These were questions to which Paul in particular gave a great deal of thought. He was, after all, one of those appointed by the Jerusalem Council to circulate and explain the letter that summarized the decisions of the apostles and elders (Acts 15:22ff; 16:4). Faced with similar issues in the church at Rome, he provided them with a series of principles that apply equally well to twenty-first-century Christians. His teaching in Romans 14:1–15:13 contains healthy (and very necessary) guidelines for the exercise of Christian liberty. Here are four of them:
Principle 1: Christian liberty must never be flaunted. “Whatever you believe about these things keep between yourself and God” (Rom. 14:22, NIV).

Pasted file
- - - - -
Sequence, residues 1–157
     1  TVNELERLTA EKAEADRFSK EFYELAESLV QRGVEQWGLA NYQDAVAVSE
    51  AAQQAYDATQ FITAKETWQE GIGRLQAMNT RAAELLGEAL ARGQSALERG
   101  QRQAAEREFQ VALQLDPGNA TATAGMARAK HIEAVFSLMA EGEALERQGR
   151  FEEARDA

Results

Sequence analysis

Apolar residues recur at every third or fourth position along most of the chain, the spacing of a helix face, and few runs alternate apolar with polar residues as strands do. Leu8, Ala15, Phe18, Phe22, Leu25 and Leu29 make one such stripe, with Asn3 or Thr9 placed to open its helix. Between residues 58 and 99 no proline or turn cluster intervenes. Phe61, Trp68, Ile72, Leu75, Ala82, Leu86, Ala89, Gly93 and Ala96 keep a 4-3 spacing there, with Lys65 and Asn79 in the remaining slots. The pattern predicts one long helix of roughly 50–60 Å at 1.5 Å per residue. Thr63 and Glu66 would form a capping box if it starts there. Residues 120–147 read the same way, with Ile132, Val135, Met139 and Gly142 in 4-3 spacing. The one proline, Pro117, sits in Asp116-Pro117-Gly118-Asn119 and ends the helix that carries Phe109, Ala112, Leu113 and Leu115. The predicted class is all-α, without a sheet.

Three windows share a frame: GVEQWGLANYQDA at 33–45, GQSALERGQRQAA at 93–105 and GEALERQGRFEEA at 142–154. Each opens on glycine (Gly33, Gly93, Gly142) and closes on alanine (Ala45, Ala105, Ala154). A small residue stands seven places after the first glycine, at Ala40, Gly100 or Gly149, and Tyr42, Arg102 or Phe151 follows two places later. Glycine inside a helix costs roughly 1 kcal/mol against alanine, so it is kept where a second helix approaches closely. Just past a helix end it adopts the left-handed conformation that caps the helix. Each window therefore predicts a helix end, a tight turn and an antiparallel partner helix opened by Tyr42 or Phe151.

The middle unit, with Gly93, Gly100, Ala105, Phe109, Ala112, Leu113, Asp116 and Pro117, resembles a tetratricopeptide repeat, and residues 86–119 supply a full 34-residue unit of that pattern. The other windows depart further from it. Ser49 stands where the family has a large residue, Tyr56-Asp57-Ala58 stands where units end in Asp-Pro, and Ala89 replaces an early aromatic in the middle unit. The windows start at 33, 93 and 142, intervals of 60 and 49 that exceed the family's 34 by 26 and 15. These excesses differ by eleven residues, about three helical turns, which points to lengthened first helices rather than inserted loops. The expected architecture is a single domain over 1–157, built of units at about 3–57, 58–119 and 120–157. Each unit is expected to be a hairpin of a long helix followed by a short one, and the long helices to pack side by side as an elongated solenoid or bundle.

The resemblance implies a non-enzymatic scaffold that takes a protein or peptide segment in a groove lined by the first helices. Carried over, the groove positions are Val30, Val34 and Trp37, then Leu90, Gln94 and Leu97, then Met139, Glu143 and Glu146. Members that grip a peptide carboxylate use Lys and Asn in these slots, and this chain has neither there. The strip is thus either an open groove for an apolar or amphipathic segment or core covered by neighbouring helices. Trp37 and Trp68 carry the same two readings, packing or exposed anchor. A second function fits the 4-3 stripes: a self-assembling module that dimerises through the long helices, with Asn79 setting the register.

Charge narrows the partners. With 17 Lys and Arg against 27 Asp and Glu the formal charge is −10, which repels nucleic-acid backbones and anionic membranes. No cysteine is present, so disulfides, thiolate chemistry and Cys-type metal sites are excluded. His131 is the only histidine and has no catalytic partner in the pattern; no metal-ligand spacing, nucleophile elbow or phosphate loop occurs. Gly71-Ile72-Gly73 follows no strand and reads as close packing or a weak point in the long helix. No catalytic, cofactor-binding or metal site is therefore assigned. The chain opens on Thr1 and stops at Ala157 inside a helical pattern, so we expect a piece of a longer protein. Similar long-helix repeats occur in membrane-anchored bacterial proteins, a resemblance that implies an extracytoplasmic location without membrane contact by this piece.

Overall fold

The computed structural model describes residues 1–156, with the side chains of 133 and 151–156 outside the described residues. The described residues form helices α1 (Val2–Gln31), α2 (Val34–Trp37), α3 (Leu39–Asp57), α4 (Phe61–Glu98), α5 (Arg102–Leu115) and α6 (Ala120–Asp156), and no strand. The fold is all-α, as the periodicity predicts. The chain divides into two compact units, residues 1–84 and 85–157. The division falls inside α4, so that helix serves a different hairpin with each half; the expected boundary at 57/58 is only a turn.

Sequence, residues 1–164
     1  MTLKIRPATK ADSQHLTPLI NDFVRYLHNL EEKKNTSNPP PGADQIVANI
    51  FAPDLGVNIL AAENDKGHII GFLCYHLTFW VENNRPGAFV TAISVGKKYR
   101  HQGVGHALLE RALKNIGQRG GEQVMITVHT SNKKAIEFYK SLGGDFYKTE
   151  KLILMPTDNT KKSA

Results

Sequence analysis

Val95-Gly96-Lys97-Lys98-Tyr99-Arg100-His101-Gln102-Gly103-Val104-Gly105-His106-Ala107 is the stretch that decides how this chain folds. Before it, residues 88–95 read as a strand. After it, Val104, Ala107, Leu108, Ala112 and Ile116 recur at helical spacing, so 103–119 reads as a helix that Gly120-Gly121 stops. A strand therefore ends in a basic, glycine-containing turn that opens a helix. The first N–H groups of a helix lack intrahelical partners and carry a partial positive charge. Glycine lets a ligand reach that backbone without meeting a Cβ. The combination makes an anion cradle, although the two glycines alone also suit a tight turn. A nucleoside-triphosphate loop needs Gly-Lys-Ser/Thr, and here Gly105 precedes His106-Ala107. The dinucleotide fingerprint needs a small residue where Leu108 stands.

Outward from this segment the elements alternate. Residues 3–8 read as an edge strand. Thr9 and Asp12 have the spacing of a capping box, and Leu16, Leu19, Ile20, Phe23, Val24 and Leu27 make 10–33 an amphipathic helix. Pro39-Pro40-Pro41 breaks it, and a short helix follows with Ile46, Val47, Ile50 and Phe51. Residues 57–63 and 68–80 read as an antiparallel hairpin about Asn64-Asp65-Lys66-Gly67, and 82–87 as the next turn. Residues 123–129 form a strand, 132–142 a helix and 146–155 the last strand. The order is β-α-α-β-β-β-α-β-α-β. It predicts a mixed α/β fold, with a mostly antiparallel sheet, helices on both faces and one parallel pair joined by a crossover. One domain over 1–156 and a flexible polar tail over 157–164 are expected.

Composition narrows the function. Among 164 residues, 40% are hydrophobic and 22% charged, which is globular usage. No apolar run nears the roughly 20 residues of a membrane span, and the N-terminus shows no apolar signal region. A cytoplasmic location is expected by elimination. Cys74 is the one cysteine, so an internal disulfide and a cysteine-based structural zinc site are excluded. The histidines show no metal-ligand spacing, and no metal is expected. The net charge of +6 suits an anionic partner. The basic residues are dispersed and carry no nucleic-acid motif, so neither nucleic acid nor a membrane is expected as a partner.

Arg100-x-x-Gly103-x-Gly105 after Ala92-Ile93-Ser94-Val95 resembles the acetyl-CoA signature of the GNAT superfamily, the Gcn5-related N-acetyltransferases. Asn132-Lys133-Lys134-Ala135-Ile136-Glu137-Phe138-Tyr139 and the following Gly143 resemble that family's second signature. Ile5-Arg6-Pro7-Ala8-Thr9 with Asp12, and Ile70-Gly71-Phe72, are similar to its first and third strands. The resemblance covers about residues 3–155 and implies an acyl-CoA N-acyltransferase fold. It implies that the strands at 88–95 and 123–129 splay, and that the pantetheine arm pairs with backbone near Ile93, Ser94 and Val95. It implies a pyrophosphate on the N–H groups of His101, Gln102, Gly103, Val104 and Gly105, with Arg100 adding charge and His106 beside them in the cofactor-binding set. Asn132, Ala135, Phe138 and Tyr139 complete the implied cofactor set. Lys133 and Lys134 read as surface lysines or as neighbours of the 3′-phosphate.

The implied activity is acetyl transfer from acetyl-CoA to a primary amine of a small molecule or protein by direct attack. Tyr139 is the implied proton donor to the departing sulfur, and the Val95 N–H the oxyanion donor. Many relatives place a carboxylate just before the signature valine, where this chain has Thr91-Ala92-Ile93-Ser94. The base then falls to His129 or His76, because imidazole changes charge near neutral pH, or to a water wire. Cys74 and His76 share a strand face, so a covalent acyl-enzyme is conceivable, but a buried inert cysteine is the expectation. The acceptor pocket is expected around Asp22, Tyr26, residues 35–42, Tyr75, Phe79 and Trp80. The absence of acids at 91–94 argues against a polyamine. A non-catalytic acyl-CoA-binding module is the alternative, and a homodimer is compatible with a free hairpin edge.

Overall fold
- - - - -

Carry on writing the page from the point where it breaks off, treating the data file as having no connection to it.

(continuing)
We are free in Christ from the Mosaic dietary laws; Christ has pronounced all food clean (Mark 7:18-19). We may eat black pudding after all!
But you do not need to exercise your liberty in order to enjoy it. Indeed, Paul elsewhere asks some very penetrating questions of those who insist on exercising their liberty whatever the circumstances: Does this really build up others? Is this really liberating you—or has it actually begun to enslave you (Rom. 14:19; 1 Cor. 6:12)?
The subtle truth is that the Christian who has to exercise his or her liberty is in bondage to the very thing he or she insists on doing. Says Paul, if the kingdom consists for you in food, drink, and the like, you have missed the point of the gospel and the freedom of the Spirit (Rom. 14:17).
Principle 2: Christian liberty does not mean that you welcome fellow Christians only when you have sorted out their views on X or Y (or with a view to doing that).